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    West Sussex UK
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    You will be surprised to know 'Model Trains' :)

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  1. mikesndbs

    Class 07 Diesel

    Hello. Your English is good! Where are you from? The 07 did suffer from hot axle boxes. This meant reduced speed when making trips outside of Southampton docks where they were based. And example of such long trips would be going to Eastleigh, if this did happen the loco would be reduced in speed even more. For use in Southampton docks this was less of a problem. It was not the hot axle box issue that brought about the life of the class, it was due to great reductions in Southampton docks rail network and loss of freight to container traffic. Freightliners for example. Hope this helps?
  2. Hmm interesting, yes I suppose the extra cost has to be justifiable, hope someone posts an internal shot soon then
  3. Agree fully, I have been told its simply the modification I suggested, exactly it would seem, but would be nice to know.
  4. After full wave rectification the DC wave will be 100Hz, that was what I was referring to, 100Hz seems to produce a good balance between control and noise. Tried 500Hz and my how those locos sing lol
  5. 100 Hz but agree they are simple but then maybe that is all is needed?
  6. Guys, The GM controllers are solid, really work and more importantly come with a lifetime guarantee, that alone is worth the price hyke. The Morley is more sophisticated (see my video) has overload protection and now they have the right level of smoothing is bang on for what we need. You have seen my video about making a controller from scratch? There is a lot goes into it time wise.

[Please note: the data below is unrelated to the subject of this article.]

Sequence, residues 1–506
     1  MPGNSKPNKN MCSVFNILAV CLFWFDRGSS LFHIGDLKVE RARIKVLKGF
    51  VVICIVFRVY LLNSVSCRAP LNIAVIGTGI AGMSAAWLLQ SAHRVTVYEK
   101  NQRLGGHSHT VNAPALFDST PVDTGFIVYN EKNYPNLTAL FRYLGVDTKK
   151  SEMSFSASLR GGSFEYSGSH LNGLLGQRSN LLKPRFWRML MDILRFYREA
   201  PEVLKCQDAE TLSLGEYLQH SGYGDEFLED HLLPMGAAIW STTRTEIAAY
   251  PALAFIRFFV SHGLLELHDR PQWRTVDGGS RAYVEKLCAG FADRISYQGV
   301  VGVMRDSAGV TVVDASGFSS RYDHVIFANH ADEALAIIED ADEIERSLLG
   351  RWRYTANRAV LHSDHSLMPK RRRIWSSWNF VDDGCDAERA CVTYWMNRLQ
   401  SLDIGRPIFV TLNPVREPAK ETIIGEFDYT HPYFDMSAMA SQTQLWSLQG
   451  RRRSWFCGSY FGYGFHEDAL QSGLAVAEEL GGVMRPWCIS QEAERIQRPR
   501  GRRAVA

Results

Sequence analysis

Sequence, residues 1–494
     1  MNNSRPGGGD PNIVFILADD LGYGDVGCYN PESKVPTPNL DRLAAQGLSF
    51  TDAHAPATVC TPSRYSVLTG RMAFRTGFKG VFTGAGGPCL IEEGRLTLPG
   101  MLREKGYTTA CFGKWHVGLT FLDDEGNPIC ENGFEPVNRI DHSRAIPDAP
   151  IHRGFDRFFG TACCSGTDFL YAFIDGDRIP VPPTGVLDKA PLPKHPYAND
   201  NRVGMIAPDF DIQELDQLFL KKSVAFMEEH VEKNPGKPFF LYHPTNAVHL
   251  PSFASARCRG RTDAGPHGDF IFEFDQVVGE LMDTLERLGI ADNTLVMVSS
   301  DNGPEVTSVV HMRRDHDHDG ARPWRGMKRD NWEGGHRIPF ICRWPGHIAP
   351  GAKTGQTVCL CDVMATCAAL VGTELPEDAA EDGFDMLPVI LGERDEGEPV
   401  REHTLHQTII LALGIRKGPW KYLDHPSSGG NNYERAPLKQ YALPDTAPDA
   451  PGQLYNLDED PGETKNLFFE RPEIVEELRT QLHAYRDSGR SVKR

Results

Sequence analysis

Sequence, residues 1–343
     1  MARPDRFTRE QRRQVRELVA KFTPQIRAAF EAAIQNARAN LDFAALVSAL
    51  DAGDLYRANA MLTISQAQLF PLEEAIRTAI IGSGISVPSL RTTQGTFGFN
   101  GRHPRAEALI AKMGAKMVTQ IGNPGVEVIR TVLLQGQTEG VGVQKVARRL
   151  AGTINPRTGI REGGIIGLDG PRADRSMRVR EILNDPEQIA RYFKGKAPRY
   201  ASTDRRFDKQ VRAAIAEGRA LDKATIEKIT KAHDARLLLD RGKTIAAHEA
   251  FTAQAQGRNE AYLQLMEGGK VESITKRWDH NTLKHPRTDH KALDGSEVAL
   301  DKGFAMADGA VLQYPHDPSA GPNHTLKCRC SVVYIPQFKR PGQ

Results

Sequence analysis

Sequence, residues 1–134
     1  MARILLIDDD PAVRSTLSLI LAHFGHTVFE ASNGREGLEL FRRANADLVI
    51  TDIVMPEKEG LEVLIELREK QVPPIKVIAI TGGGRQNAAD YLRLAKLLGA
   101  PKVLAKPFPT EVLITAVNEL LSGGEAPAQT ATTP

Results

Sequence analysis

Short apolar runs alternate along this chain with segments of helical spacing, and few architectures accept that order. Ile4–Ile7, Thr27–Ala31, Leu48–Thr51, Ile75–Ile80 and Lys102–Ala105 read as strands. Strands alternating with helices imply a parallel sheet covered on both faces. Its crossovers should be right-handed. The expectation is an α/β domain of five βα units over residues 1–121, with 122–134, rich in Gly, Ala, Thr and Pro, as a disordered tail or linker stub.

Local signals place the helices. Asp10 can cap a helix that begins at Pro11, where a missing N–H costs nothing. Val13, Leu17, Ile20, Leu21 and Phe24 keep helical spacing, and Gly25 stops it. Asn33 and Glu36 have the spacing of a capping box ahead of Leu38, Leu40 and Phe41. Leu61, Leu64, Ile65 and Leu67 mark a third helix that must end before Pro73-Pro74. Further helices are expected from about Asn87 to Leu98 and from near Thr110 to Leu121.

7. Hi Paul, the GM and Morley both use full wave transistor control.
  8. Hi Paul The HM2000 uses PWM, i'e variable width full voltage pulses to control the speed of the motors. Generally this is one of the better controllers using this method. Personally I don't like it due to motor heating and noise. The Gaugemaster basic range, Combi, Walkabout, D and so on use full wave rectified transistor controlled output at 100Hz, there will be some very minimal buzz at motor start on some motors but you get really good smooth running. Another controller you might like to consider is the Morley Vector Crawler, this is twin track control, with either the supplied handheld units on 2.5 M wires or unit control knobs, plus a built in CDU for point motors. If I were buying a new controller this is what I'd opt for due to the flexibility. If you are interested in the more technical side of it and or comparisons between a GM and older Morley Vector zero 2 then check out my playlist. There is even a DIY option. Controllers and more Hope this helps?
  9. Hi Adrian I had this same issue. Here is what I did. Good luck
  10. Anyone got any photos of the motor or know what type it is?
  11. Looks brilliant there mate, what was involved in getting the match truck separated?
  12. Hahah yes lol I usually try to edit out such things but was so enthralled by the loco that I thought what the hell :)
  13. Hi guys, a follow up to my first video, showing the incredible slow speed running abilities of these Rustons.
  14. A video review of the Hornby R3704 Ruston 48DS 0-4-0 diesel shunter. Well, I am amazed, such a tiny loco with a big heart, its smaller than its attached match truck which serves to increase current pickup due to the locos small wheel base. The truck can be detached, but the loco may then struggle over dead frog points and crossings. The truck can be attached at the front or back of the loco and there are supplied blanking plates to fit over the NEM pocket if you wish. The video shows my very first run with the loco, it got better as it went on, yes there were a few stutters on the points but then the track was not 100% clean! Overall amazed, and a further order has been placed for the red one
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